Evolutionary and dynamic stability in continuous population games

Ilan Eshel, Emilia Sansone

Research output: Contribution to journalArticlepeer-review

Abstract

Asymptotic stability under the replicator dynamics over a continuum of pure strategies is shown to crucially depend on the choice of topology over the space of mixed population strategies, namely probability measures over the real line. Thus, Strong Uninvadability, proved by Bomze (1990) to be a sufficient condition for asymptotic stability under the topology of variational distance between probability measures, implies convergence to fixation over a pure strategy x* only when starting from a population strategy which assigns to x* a probability sufficiently close to one. It does not imply convergence to x* when starting from a distribution of small deviations from x*, regardless of how small these deviations are. It is, therefore, suggested that when a metric space of pure strategies is involved, another topology, hence another stability condition, may prove more relevant to the process of natural selection. Concentrating on the case of a one dimensional continuous quantitative trait, we resort to the natural Maximum Shift Topology in which an ε-vicinity of the fixation on a pure strategy x* consists of all mixed population strategies with support which includes x* and is in the ε-neighborhood of x*. Under this topology, a relatively simple necessary and sufficient condition for replicator asymptotic stability, namely Continuous Replicator Stability (CRSS), is demonstrated. This condition is closely related to the static stability condition of Neighbor Invadability (Apaloo 1997), and slightly stronger than the condition of Continuous Stability (Eshel and Motro 1981).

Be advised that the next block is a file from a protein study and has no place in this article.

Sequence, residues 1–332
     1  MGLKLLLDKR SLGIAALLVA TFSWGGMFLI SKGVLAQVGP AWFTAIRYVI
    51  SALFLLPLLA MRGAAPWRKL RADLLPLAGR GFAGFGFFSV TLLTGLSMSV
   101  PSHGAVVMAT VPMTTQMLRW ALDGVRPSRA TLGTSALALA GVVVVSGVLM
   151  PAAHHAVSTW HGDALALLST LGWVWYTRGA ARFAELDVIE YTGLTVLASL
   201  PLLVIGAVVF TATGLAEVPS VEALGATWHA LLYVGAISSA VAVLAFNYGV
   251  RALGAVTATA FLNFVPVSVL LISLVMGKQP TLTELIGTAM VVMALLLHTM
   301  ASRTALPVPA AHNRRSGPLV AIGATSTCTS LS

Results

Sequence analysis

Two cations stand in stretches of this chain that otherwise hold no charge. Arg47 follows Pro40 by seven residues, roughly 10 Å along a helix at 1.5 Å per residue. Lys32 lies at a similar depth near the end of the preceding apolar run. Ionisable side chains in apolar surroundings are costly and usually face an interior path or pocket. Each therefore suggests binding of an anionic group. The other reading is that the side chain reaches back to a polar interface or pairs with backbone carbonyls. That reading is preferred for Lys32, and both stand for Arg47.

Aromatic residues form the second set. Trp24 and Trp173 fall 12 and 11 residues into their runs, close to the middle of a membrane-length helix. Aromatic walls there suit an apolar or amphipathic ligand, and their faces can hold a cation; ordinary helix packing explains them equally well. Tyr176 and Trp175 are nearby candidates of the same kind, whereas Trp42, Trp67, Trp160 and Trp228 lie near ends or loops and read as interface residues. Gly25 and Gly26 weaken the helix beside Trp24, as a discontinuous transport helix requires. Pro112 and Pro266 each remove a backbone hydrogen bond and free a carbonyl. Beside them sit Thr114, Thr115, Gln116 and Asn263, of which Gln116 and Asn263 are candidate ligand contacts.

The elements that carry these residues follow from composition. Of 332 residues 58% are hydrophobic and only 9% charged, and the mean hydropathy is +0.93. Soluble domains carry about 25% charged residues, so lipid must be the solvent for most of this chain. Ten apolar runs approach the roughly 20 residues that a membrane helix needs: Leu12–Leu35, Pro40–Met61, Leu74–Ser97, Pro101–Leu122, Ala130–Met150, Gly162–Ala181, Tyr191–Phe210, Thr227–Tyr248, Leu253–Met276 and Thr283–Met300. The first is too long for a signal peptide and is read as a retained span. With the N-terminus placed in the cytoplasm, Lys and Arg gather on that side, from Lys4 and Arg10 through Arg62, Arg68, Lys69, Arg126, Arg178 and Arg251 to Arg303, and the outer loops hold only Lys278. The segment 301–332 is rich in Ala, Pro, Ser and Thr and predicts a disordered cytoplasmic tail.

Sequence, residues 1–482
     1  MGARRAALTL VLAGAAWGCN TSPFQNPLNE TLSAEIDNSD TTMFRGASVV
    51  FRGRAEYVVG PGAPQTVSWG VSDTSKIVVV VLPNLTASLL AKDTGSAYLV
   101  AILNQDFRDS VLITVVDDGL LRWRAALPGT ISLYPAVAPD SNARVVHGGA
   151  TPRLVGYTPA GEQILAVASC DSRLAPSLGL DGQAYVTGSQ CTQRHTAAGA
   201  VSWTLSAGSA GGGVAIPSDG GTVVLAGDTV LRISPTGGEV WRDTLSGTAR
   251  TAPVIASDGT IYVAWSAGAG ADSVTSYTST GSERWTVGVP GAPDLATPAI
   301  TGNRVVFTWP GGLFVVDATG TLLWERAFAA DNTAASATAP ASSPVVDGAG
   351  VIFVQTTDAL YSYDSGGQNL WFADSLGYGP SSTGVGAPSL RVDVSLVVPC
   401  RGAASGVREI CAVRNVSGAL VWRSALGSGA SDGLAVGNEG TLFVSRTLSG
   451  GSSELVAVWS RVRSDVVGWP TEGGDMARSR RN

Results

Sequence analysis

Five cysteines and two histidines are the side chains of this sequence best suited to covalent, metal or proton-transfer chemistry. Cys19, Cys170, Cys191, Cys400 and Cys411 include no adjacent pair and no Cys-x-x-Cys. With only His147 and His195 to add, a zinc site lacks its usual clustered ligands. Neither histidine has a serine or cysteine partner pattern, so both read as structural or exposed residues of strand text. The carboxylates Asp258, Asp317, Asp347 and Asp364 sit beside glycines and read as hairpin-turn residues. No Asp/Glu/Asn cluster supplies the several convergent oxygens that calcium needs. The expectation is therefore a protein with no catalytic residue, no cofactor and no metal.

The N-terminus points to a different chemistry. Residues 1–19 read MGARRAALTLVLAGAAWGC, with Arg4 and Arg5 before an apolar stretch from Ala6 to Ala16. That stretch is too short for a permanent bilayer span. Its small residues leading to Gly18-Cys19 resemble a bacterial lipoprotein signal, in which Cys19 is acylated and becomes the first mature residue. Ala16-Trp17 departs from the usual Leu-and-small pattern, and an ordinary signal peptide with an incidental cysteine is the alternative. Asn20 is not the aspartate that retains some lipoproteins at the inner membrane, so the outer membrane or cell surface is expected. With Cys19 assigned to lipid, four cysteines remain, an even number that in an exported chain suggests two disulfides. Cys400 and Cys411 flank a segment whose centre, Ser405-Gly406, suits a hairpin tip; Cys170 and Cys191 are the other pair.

Original languageEnglish
Pages (from-to)445-459
Number of pages15
JournalJournal of Mathematical Biology
Volume46
Issue number5
DOIs
StatePublished - May 2003

Keywords

  • Asymptotic stability
  • CSS
  • Continuous population games
  • Continuous replicator stability
  • ESS
  • Long-term evolution
  • NIS
  • Replicator dynamics
  • Strong uninvadability
  • Weak topology

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